Police killed in airport gunfight shot by drug racket cops

Jun 26, 2012

Rogue cops were running drugs-trafficking operation of out Mexico City international airport

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THREE Mexican police officers killed in a spectacular shoot-out at Mexico City's Benito Juarez airport were likely killed by fellow policemen running a drug-trafficking operation out of the international airport.  

According to the Mexican newspaper El Universal, two suspected drug-traffickers who fled the scene on Monday were caught on airport security cameras and identified as federal police officers.

Jose Ramon Salinas of the Public Security Secretariat told El Universal that the men involved had been "completely identified" as serving officers and said "intelligence units are getting close to finding and arresting them".

It is understood the rogue police officers were involved in the racket with other public servants from various government agencies also working in the airport's Terminal 2.

The gunfight, which saw civilians fleeing to dodge the bullets according to the Los Angeles Times, began in the Terminal 2 food hall after police investigating the drug smuggling operation moved in to arrest the suspects. Two federal officers were killed during the incident, with a third later dying from his injuries.

"Seeing themselves surrounded by federal police, [the suspects] fired on police," an official statement released by authorities said.

Despite the Western perception of Mexico as a crime-riddled country, much of the violence in the country's brutal six-year-long drug war that has claimed almost 50,000 lives takes place outside of the 20m-population capital, which has a murder rate lower than American cities such as Washington DC and New Orleans.

However the airport has been a hotbed of smuggling activities, with more than 440lb of cocaine being found by authorities there during the last year - twice the previous year's amount - and more than 180 people being arrested.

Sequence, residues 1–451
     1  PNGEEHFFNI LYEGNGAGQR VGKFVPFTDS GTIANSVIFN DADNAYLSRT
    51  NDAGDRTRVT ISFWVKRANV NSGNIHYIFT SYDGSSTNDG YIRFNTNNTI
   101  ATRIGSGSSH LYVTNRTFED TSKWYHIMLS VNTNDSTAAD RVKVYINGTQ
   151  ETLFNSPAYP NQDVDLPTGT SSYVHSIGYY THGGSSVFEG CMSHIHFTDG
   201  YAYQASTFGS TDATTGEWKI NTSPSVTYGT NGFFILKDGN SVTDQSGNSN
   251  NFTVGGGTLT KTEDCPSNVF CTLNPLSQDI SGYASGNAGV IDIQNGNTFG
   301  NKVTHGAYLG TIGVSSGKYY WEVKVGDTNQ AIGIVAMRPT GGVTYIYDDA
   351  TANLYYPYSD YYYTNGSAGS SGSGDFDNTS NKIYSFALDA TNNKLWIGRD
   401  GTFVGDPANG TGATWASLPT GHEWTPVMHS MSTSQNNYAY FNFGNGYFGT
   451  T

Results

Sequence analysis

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In 2009, NPR analyzed thousands of news releases on the federal attorney general’s website announcing arrests for organized crime, weapons and drug offenses. The information surveyed spanned from the day Calderon assumed the presidency in December 2006. The analysis showed that Nationwide, 44 percent of all cartel defendants are with the Zetas and Gulf cartels. Only 12 percent of the defendants are with the Sinaloa cartel. The numbers contradict the Mexican government, which claims it has arrested twice the percentage of Sinaloa gang members.

“I think you’ve identified an issue of concern, and that is, why is the Sinaloa doing so much better than the others and why is the Sinaloa cartel been the one that has escaped a lot of the prosecutions compared to the other cartel numbers?”

— U.S. Rep. Michael McCaul (R-TX), a former federal prosecutor who sits on the Homeland Security Committee, when asked to review the NPR analysis.

NPR’s analysis is supported by a Mexican law professor and organized crime expert, Edgardo Buscaglia, who has done his own analysis of cartel arrests.

“If you look at the main organized crime group in Mexico, that is, the Sinaloan confederation, it has been left relatively untouched. The Sinaloa has been clearly the winner of all that competition among organized crime groups. And as a result of that, they have gained more economic power, they have been able to corrupt with more frequency and corrupt with more scope. Now you see that Sinaloa is the most powerful criminal group, not just in Mexico, but all over Latin America,”

— Law professor and organized crime expert. Edgardo Buscaglia

“Has the Sinaloa infiltrated the Mexican government? Absolutely. Has the Sinaloa infiltrated the Mexican military? Absolutely.”

— Texas Congressman Michael McCaul

“When the Sinaloan cartel began to be protected by all the apparatus of the government after 2001, it felt the power for the first time in history to occupy plazas that for dozens of years belonged to other cartels. So you saw them take on the Gulf cartel in Nuevo Laredo [in 2005], My hypothesis, after five years of investigation, is that Joaquin Guzman Loera is the best example of corruption in Mexico.”

— Anabel Hernandez, an award-winning investigative reporter who has spent five years researching a book on Guzman.